We can also embrace various Bible or devotion apps.  They can be linked to your church’s website. In my church’s GriefShare group that I co-lead, several people have shared how they have used various Bible Apps to help them work through their grief. They also use certain apps to share with their friends and family pictures of their loved one who died.

Don’t forget “old school” technology

The telephone is still a great tool to minister to church members. Churches can distribute call lists to various members, asking them to call people on the list weekly.  I heard how one church recruited a homebound lady to call other homebound people.  Even though she was not able to leave home often, she was active in ministry.

Staff members can schedule weekly phone calls to the most vulnerable. It gives the member something to look forward to. When I was in seminary, and poor as a church mouse, I had to limit my calls to my parents back home to once a week.  As the scheduled day to call my parents drew near, so did the excitement from anticipating making that call. Likewise, when we schedule a weekly call with a parishioner, it gives people something to look forward to.

Over the phone, ministers can counsel people, listen to them tell their story, and pray for them.  Working as a hospital chaplain, I receive regular calls from people in the community, who are in emotional or spiritual distress and desires prayer. Over the phone, I listen to their story, give them spiritual guidance, and offer prayer, which comforts the caller.

Another old school tool that we can use is mail. A letter or card from the church reminds people that they are not forgotten. Back in December, my mother died. When we returned home from her funeral, we had several prayer-grams from church members, most whom I didn’t even know. Still, they were great sources of comfort to me knowing that people were praying for me.

Even though physical contact is discouraged during this crisis, members can still make screen door or window visits.  There is distance and no physical contact, but spiritual contact from seeing the face of a fellow church member can be a great source of comfort.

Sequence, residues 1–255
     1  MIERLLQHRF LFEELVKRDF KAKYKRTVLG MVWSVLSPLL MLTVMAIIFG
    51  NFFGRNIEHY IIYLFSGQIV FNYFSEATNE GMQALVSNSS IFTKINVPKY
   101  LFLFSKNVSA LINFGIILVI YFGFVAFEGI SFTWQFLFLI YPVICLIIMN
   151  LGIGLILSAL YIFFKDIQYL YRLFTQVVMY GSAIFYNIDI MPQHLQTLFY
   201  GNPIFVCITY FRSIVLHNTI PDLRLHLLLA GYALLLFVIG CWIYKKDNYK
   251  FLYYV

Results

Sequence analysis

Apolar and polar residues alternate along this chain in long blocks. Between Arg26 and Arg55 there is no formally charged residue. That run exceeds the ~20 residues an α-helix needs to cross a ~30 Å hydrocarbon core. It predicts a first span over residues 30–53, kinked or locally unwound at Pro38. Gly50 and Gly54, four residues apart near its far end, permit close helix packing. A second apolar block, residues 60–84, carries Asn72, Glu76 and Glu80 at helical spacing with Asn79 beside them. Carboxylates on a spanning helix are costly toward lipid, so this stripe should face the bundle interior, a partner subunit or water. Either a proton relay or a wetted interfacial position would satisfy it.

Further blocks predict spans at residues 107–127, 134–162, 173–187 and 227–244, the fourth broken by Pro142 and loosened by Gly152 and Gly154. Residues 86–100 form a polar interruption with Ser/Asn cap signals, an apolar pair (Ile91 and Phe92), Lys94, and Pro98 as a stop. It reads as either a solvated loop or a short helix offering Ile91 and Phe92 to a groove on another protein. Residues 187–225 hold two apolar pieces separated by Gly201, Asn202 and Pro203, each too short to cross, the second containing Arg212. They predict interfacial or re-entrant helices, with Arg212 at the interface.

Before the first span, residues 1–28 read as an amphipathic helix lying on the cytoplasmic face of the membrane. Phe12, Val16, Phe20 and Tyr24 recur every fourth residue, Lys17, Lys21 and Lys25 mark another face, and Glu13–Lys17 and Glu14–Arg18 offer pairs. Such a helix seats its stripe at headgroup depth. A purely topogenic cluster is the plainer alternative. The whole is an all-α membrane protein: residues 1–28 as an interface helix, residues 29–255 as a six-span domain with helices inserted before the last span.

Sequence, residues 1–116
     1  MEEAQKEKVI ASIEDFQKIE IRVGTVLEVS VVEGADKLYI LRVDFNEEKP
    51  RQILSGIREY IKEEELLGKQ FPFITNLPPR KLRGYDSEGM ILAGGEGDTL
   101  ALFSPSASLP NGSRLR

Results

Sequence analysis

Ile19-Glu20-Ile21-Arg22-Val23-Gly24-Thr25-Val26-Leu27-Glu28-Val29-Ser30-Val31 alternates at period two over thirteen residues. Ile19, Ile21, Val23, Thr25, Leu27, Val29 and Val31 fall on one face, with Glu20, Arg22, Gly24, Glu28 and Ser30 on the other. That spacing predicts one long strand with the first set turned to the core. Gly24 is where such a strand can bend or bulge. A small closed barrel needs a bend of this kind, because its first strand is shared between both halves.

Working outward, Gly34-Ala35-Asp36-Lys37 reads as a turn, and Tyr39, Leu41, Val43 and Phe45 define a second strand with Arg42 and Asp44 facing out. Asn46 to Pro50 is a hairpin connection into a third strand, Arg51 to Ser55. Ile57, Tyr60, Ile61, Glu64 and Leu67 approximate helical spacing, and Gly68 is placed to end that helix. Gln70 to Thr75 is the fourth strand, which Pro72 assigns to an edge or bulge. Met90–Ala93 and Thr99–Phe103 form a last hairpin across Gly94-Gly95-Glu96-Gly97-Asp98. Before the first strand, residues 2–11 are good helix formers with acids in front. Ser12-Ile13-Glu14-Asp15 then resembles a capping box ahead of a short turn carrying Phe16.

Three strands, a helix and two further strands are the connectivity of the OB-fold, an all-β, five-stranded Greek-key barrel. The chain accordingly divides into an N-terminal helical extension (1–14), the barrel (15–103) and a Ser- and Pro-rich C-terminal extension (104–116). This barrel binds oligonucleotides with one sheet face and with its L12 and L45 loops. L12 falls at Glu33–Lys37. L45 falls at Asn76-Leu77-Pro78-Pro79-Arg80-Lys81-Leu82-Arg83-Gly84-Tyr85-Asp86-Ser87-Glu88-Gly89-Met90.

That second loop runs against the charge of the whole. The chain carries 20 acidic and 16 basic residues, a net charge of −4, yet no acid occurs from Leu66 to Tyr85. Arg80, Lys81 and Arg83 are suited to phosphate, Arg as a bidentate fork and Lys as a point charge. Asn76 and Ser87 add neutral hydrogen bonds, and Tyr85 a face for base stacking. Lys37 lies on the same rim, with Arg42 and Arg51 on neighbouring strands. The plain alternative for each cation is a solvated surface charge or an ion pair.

During these times we need to remember those who are isolated or on self-quarantine at home.  It is important to contact them regularly and see if they need food or other supplies.  Great pastoral care can come in a bag of food.  Recently, my wife and I were quarantined by our pulmonologist. We both struggle with respiratory issues. Returning from a trip to Florida, my wife developed a cough and a low-grade fever. So, we were banished to separate parts of our house.

With the suddenness of this, we needed a few supplies from the store. Our oldest daughter delivered them to our garage. A few days later our son-in-law smoked a pork loin and brought us some of it. We spent about 20 minutes talking through the screen door. It was helpful to receive those items, but seeing their faces, even at a distance, was the best medicine. This is a medicine we can prescribe to all our members.

These are just a few things that churches can do to minister to church members during this pandemic.  Churches need to think outside of the box and explore other ways to minister to their people.

Wouldn’t it be wonderful, once the crisis is over, if we continue to use these tools to minister to the sick, frail, and elderly who cannot regularly attend church?